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ONE OF THE MORE CHALLENGING THINGS a new entrepreneur must deal with is fundraising. It is a time consuming distraction from business operations that is made more difficult by the challenge of setting a realistic company valuation and the expense of complex funding documents.
This reality has led many to try and use convertible notes instead of stock in their early funding rounds. But using convertible note to raise funds presents its own challenges as I was recently reminded by two separate entrepreneurs at Georgia Tech.
First, there is the question of whether you use a convertible note or a SAFE (simple agreement for future equity) document of the sort developed at the Y combinator. The advantage of a SAFE document, when investors will use it, is that it gets rid of the fiction that the seed stage company using it will be in a position to repay the money if it does not raise needed funds in a next financing. Instead, if a fundraising does not occur, the holder of the instrument converts to equity at a predetermined formula.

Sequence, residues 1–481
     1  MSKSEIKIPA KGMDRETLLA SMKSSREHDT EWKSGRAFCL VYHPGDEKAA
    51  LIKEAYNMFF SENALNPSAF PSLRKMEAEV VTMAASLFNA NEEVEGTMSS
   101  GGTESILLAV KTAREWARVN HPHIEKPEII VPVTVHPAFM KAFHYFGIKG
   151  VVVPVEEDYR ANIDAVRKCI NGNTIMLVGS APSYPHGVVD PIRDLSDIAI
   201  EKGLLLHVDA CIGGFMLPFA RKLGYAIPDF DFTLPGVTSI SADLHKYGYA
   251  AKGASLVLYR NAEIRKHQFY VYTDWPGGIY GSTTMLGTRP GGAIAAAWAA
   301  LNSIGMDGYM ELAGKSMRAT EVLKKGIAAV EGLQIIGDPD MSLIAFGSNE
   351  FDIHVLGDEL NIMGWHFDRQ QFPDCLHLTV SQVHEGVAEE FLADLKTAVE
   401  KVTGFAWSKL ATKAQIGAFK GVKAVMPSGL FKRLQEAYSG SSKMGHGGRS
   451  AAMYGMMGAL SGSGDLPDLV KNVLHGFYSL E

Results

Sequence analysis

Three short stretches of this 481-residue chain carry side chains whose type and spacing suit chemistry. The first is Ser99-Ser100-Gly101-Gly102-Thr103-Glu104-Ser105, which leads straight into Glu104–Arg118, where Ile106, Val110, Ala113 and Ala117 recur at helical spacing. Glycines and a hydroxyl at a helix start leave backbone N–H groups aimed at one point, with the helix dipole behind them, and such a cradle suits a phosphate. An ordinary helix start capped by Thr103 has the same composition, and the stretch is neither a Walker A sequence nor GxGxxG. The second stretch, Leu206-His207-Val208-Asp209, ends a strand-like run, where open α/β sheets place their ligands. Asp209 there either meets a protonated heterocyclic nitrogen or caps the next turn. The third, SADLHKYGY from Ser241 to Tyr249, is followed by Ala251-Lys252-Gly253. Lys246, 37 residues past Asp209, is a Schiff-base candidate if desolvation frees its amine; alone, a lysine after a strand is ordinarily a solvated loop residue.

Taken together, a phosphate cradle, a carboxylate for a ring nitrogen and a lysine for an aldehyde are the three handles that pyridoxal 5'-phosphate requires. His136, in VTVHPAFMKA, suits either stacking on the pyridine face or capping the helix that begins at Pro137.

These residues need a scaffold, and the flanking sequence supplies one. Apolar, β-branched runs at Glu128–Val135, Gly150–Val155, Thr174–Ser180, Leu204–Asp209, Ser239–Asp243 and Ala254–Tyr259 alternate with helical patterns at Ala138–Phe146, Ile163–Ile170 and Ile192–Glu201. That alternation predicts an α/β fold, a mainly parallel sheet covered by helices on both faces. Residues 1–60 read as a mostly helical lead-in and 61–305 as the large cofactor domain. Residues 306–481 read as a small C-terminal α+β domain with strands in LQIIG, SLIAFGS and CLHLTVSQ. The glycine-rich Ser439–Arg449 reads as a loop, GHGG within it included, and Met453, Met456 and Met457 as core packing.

Whether it is a SAFE document or a convertible note, several questions remain about how it should be structured. A partial list would include:
Photo of the 'post office' on the Galapagos Islands. Copyright 2008 by Clinton Richardson.
The venture moola blog comes to you from Atlanta, Georgia. Find it at readjanus.com. Copyright Clinton Richardson.
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